Equilibria Exist in Compact Convex Forward-Invariant Sets

Theorem. Consider a continuous map f : {\mathbb{R}}^{n} \rightarrow {\mathbb{R}}^{n} and suppose that the autonomous dynamical system \dot{x} = f(x) has a semiflow \varphi : {\mathbb{R}}_{\geq{0}} \times {\mathbb{R}}^{n} \rightarrow {\mathbb{R}}^{n}. Let K \subseteq {\mathbb{R}}^{n}. If K is nonempty, compact, convex and forward-invariant, then K contains an equilibrium of the dynamical system, i.e. a zero of the map f.

According to a reliable source, the above theorem is a standard result everyone uses in dynamical systems without proof. I propose a proof in Equilibria Exist in Compact Convex Forward-Invariant Sets. I am interested in comments on this proof, in references to this or other proofs in the literature, and in new/better proofs. Please contribute here or on MathOverflow at Equilibria Exist in Compact Convex Forward-Invariant Sets.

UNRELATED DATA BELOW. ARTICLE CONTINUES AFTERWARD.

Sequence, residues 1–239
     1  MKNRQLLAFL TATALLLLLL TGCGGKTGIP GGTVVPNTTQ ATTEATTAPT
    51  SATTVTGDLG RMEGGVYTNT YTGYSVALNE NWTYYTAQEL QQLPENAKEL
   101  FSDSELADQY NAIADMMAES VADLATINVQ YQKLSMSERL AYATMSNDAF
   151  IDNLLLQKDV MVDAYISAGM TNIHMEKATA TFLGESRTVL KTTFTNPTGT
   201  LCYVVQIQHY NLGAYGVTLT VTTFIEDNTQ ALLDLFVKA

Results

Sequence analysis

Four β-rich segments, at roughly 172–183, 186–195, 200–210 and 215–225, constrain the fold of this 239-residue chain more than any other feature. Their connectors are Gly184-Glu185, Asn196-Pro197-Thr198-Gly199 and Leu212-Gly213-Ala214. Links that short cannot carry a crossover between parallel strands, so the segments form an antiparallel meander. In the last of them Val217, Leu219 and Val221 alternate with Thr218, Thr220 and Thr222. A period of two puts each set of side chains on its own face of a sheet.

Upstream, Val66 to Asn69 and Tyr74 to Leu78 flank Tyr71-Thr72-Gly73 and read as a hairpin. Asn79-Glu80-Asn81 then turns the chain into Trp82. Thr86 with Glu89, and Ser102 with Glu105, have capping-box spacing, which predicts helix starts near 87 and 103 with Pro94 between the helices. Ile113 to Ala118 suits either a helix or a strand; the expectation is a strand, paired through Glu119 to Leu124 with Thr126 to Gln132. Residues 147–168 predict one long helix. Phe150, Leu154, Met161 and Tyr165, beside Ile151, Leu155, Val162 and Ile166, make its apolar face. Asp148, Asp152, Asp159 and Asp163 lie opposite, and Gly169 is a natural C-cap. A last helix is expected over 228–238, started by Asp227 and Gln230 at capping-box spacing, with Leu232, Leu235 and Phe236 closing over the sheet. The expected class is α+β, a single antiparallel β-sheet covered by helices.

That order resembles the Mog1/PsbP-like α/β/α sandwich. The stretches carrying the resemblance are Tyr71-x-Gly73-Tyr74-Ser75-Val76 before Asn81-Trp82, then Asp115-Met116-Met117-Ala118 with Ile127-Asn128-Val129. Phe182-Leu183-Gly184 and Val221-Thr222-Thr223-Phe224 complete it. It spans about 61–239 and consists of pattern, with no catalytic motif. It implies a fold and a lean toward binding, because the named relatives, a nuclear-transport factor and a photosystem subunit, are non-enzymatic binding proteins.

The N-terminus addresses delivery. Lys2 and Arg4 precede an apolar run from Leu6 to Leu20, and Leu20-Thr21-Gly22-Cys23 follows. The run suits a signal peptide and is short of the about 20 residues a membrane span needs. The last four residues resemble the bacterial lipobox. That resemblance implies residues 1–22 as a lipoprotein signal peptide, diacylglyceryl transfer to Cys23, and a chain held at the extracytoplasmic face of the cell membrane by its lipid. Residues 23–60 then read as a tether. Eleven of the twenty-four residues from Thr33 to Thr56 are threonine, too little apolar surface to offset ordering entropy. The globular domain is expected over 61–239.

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2 Responses to Equilibria Exist in Compact Convex Forward-Invariant Sets

  1. Pete Donnell says:

    Hi Gilles, I also struggled to find references for this when writing up my thesis a few years ago. Strange when it’s such a fundamental result!

    You might like to take a look at “A fixed point theorem for bounded dynamical systems” by Richeson and Wiseman in the Illinois Journal of Mathematics (issue 46(2) pp. 491-495), which I think contains a proof. The authors mention other proofs in an addendum to their paper, in issue 48(3) pp. 1079-1080 of the same journal.

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